Bank of Ireland has reported an underlying profit of €480m for the first six months of this year, rounding off a busy week of results for Irish banks.
Bank of Ireland also reported operating expenses of €881m in the first six months of the year, which are broadly flat in comparison with the first half of 2016.
The bank said its residential mortgage lending in Ireland grew by over 30pc in the first half of 2017, taking its share of new lending to 26pc.
On the bank’s balance sheets, there was a €0.5bn increase in core loan books, with customer loans now standing at €76.9bn.
The amount of impaired loans at Bank of Ireland have reduced by €0.8bn during the first half of the year to €5.4bn. This amount is down 65pc from a reported peak in 2013 and account for less than 7pc of customer lending.
Non-performing exposures have also reduced in the first six months of 2017, by €1.3bn to a total of €8.1bn.
The bank reported new corporate lending of €1.9bn in the period.
In all, lending increased by €500m in the period to €76.9bn, meaning loans are now being drawn down or acquired faster than they are being repaid.
Net interest margin (NIM), a key measure of banks’ profitability, increased to 2.32pc in the first half of 2017, driven by lower costs. It’s the highest for any Irish bank.
Other income of €369m noted in the group’s income statement includes sustainable business income of €328m which increased marginally from the last six months in 2016.
Customer deposits of €74.7bn – predominantly retail sourced – account for over 95pc of the group’s funding.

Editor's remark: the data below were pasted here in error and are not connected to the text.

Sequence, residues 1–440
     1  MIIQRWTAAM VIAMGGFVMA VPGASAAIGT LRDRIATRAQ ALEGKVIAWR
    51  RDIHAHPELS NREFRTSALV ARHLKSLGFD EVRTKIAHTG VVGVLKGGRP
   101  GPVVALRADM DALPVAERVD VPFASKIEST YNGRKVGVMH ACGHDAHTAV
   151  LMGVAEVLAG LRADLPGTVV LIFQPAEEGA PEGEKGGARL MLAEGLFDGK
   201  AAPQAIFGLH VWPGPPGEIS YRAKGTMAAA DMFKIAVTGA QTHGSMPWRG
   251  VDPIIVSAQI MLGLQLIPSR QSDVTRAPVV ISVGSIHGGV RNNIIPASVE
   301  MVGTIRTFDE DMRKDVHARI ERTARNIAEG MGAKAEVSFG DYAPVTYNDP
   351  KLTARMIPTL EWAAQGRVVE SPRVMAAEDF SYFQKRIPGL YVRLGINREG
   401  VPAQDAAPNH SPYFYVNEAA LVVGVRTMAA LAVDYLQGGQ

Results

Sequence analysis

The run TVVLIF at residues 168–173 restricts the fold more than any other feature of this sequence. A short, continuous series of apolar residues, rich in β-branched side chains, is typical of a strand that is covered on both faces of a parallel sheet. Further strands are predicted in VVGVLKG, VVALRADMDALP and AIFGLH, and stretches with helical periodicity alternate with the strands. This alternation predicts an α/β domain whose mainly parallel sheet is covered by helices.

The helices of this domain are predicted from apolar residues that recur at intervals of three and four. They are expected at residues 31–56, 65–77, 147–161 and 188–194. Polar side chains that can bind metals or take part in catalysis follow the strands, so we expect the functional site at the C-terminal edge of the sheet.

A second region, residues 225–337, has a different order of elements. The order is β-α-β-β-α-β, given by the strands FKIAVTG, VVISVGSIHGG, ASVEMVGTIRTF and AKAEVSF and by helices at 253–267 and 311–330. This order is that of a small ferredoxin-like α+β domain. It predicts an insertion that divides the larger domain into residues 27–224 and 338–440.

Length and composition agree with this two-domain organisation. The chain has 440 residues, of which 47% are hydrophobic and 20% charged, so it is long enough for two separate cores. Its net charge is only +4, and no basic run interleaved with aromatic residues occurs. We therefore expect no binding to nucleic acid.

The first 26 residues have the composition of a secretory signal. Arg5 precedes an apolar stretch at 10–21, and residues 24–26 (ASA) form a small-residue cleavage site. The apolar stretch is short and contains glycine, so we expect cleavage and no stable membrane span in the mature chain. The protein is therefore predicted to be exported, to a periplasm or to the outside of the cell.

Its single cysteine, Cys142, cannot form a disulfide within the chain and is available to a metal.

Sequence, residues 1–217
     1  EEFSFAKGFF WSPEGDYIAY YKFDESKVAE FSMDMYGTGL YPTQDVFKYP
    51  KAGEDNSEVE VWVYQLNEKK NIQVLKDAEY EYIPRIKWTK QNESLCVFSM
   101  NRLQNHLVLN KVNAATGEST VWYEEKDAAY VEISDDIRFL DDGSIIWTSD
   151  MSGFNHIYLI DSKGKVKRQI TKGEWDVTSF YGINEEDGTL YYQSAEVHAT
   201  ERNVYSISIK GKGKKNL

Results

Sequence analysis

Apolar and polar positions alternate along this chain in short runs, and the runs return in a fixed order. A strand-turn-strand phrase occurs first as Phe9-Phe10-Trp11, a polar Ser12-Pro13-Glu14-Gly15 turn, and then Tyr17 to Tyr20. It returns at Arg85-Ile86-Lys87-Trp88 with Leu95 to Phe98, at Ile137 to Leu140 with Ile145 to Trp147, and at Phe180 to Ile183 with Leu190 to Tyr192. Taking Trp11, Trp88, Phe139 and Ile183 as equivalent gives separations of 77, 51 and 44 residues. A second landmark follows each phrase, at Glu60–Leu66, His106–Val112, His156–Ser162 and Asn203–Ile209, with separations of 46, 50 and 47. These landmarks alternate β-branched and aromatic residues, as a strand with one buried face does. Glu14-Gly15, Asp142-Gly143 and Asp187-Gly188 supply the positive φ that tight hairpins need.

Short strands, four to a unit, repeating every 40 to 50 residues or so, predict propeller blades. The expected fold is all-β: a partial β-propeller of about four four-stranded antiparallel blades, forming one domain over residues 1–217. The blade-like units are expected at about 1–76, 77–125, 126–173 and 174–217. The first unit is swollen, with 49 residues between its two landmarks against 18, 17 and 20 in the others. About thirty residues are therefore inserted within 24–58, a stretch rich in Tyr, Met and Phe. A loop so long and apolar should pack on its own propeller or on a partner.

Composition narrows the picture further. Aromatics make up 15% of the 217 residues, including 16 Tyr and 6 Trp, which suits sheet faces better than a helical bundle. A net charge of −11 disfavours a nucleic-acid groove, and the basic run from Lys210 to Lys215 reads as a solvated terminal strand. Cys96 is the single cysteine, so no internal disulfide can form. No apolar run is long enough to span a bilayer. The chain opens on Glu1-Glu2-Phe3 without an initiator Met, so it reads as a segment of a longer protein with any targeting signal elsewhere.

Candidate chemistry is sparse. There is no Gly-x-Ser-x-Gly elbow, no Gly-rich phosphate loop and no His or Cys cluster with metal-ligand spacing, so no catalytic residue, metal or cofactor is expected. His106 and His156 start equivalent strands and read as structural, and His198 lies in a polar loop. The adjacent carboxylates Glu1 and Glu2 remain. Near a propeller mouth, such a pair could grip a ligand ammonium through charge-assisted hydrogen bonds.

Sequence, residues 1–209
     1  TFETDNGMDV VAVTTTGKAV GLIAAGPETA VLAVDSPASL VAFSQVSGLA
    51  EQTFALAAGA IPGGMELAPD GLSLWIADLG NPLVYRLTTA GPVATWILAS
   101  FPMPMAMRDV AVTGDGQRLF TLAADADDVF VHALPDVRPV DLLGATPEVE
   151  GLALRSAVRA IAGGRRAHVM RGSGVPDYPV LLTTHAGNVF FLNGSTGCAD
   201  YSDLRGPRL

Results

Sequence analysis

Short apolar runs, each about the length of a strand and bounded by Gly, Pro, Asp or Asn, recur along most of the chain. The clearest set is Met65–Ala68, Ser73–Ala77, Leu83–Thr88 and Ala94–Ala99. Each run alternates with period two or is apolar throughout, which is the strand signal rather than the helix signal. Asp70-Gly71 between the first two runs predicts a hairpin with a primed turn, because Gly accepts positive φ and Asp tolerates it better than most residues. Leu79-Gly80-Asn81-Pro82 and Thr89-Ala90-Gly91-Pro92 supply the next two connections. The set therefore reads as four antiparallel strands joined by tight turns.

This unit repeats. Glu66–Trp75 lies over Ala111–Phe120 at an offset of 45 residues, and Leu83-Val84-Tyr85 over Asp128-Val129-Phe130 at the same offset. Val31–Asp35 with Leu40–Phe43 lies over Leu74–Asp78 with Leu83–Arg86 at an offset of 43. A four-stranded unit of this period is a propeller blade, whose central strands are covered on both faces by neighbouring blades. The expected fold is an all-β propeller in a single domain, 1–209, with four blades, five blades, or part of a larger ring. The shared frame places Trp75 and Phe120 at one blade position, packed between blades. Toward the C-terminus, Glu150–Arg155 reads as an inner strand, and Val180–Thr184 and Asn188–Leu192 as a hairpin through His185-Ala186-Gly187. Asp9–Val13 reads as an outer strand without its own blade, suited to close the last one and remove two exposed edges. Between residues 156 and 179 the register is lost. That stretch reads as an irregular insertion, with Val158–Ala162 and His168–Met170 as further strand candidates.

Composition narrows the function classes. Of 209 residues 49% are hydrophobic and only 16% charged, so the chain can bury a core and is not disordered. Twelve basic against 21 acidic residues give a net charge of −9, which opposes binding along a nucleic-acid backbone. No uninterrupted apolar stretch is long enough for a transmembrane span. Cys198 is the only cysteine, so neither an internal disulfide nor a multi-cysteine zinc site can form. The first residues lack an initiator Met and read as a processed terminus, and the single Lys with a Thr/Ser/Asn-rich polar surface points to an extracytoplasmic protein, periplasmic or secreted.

Investments in IT infrastructure – the core banking platforms – reached €105m in the first half of the year, with €55m expensed to the income statement.
“Our customer base is growing and customer satisfaction scores are increasing as we invest in our customer propositions, in supporting business growth and in our infrastructure,” Richie Boucher, Bank of Ireland, Group CEO, said.
“The transformation of our business, enabled by our technology investments, to efficiently and sustainably align with the way our customers want to engage with us, continues to make progress.
“We are generating capital and increased our fully loaded CET1 ratio to 12.5pc. We expect dividends to re-commence at a modest level in the first half of 2018, in respect of financial year 2017.”
Today’s figures, from the first half of the year, will be the last set of results issued under departing chief executive Richie Boucher, who steps down in October.
He is set to be succeeded on October 2 by HSBC executive Francesca McDonagh.
On Thursday the High Court cleared the way for Bank of Ireland to resume dividend payments for the first time since the crash.
Davy’s analysts believe that the stronger than anticipated FL CET1 of 12.5pc should provide reassurance regarding the bank’s ability to recommence dividend payments.